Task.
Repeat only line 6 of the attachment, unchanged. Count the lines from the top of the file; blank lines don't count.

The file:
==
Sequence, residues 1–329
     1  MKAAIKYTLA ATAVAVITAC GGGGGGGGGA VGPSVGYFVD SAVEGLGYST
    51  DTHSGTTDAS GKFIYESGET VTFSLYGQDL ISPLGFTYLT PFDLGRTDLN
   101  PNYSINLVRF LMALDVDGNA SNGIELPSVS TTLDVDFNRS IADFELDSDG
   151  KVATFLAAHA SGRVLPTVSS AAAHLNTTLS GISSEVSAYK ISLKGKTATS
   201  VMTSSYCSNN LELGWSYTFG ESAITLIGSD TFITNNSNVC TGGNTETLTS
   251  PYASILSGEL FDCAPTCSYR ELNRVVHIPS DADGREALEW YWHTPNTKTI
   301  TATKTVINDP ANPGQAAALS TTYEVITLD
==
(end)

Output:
   201  VMTSSYCSNN LELGWSYTFG ESAITLIGSD TFITNNSNVC TGGNTETLTS